November 1st, 2018
Daily Market Commentary
- Canadian stocks rose alongside their U.S. peers as megacap tech shares that bore the brunt of October’s rout paced the Wednesday rebound. The rally trimmed some of the S&P/TSX Composite index’s losses this month but the benchmark still ended October lower by 6.5%, its worst monthly performance since 2011. The S&P/TSX Composite Index rose 0.9 percent on Wednesday, with health care and technology shares leading gains. Telecom shares fell.
- Encana Corp. agreed to buy Newfield Exploration Co. in an all-stock deal valued at about $5.5 billion, creating North America’s second-largest producer of unconventional resources. The company pledged significant investor benefits from the deal, including a 25 percent increase in the dividend and expanding its share buyback program to $1.5 billion, to be funded from cash flow.
- Suncor Energy Inc., Canada’s largest energy producer by market value, posted third-quarter profit that topped analysts’ estimates as its refining operations helped it weather lower prices for oil-sands crude. Profit was 96 Canadian cents a share, excluding some items. The average of 16 analysts’ estimates compiled by Bloomberg was 92 cents.
- TransCanada Corp. said it’s moving forward with a C$1.5 billion ($1.1 billion) expansion of its NOVA Gas Transmission Ltd. system. The project will offer Western Canadian natural gas producers some much needed relief from a pipeline bottleneck that sent local prices close to zero earlier this year.
- European equities opened little changed after ending the worst month since January 2016 as investors focused on company earnings. The Stoxx Europe 600 Index was down less than 0.1 percent after losing 5.6 percent last month. ING Groep NV surged 4.2 percent after third-quarter underlying pretax profit beat estimates. BP Plc and Total SA declined as oil extended losses after the worst month in more than two years on lingering concern over a supply glut.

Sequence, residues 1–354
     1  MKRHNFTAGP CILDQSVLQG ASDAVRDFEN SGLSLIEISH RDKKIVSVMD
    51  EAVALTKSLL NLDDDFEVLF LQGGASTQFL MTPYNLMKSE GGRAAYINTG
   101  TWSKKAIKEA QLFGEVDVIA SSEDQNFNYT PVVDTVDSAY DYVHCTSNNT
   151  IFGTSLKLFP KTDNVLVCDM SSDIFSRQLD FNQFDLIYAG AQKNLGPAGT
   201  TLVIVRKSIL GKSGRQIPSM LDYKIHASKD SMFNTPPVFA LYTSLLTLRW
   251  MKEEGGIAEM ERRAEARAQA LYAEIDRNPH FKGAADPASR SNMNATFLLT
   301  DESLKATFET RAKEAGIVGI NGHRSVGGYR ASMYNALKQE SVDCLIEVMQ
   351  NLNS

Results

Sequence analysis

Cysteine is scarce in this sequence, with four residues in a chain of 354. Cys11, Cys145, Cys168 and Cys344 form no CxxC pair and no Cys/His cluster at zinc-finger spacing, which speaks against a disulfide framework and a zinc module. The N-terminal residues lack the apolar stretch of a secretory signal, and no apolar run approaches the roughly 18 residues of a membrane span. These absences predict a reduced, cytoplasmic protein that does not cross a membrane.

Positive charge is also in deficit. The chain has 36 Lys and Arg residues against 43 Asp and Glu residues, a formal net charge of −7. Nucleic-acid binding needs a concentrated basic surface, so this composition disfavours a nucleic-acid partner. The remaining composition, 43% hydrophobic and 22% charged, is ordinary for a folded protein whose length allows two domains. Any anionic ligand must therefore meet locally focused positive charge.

- Stocks added to gains Thursday as upbeat earnings helped investors turn the page on the worst month for global equities in more than six years. The dollar fell and the pound jumped on hopes for progress in Brexit negotiations. Investors are looking for reasons to be positive after a tumultuous October, the worst month for global shares since May 2012. While risks abound from the likes of European politics and slowing Chinese growth, bulls are hoping some of the momentum garnered at the end of last month from firm U.S. economic data can be sustained. The focus turns to Apple Inc. earnings Thursday, then to the monthly U.S. jobs report Friday.
- Nov. 1, 2018. We are now two months away from the end of the year, and half of the major Asian stock markets are down about 10 percent or more. Some have entered bear markets and in total, more than $5 trillion in market value has been wiped out in 2018. With about 40 trading days left, whether bulls or bears will win is anyone’s guess, but bracing for more volatility could perhaps be a smart move. The MSCI Asia Pacific Index gained for a third straight day — a streak not seen in six weeks — and for now, it looks like “shock-tober” hasn’t seeped into November.
- Oil fell to the lowest in more than two months on signs of surging U.S. supply and speculation that American sanctions against Iran won’t succeed in reducing exports to zero. Futures in New York dropped as much as 1 percent, after falling 1.3 percent on Wednesday. U.S. crude inventories rose for a sixth week, while Russia was said to raise oil output to a post-Soviet record. The supply surge comes just as concern eases around a halt of exports from Iran, with oil buyers India and South Korea said to agree with the U.S. on the outline of waivers.
- Gold snapped a three-day decline as the dollar retreated from a 17-month high. The pound rose amid signs of progress in Brexit talks. Investors are now looking ahead to the U.S. jobs report on Friday for clues on the strength of the economy, and a U.K. monetary policy decision Thursday.
- Apple Inc. results on Thursday will provide the first real insight into the success of the company’s new iPhones, especially the lower-priced XR model. The focus will be on Apple’s fiscal first-quarter forecast covering the important holiday season, when the XR is expected to be a popular gift, luring owners of older iPhones to upgrade.
- Europe’s dream of turning the euro into a global reserve currency that can rival the dollar got another reality check. Angela Merkel said this week that she won’t contest to be Germany’s Chancellor again in 2021 after her party suffered electoral setbacks in regional elections, while Italy’s coalition government is embroiled in a stand-off with the European Union over a wider deficit in its planned budget. Those developments have damped the allure of the euro, which had its biggest drop in five months against the dollar in October.